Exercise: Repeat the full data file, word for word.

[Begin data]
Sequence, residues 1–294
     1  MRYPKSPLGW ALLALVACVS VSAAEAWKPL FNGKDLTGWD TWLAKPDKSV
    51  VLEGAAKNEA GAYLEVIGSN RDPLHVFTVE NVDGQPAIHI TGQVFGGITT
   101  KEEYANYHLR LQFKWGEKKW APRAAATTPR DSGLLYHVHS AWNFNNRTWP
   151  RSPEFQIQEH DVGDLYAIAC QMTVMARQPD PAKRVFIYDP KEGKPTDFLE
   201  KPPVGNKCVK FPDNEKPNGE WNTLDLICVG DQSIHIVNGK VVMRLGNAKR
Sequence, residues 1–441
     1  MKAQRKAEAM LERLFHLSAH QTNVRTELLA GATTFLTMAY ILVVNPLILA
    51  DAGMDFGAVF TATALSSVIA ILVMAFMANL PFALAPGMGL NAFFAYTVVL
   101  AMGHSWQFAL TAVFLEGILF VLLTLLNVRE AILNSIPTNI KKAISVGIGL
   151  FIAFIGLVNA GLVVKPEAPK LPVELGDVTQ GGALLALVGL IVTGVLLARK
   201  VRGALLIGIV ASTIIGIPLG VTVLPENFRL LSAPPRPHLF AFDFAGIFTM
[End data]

Sequence, residues 1–294
     1  MRYPKSPLGW ALLALVACVS VSAAEAWKPL FNGKDLTGWD TWLAKPDKSV
    51  VLEGAAKNEA GAYLEVIGSN RDPLHVFTVE NVDGQPAIHI TGQVFGGITT
   101  KEEYANYHLR LQFKWGEKKW APRAAATTPR DSGLLYHVHS AWNFNNRTWP
   151  RSPEFQIQEH DVGDLYAIAC QMTVMARQPD PAKRVFIYDP KEGKPTDFLE
   201  KPPVGNKCVK FPDNEKPNGE WNTLDLICVG DQSIHIVNGK VVMRLGNAKR
Sequence, residues 1–441
     1  MKAQRKAEAM LERLFHLSAH QTNVRTELLA GATTFLTMAY ILVVNPLILA
    51  DAGMDFGAVF TATALSSVIA ILVMAFMANL PFALAPGMGL NAFFAYTVVL
   101  AMGHSWQFAL TAVFLEGILF VLLTLLNVRE AILNSIPTNI KKAISVGIGL
   151  FIAFIGLVNA GLVVKPEAPK LPVELGDVTQ GGALLALVGL IVTGVLLARK
   201  VRGALLIGIV ASTIIGIPLG VTVLPENFRL LSAPPRPHLF AFDFAGIFTM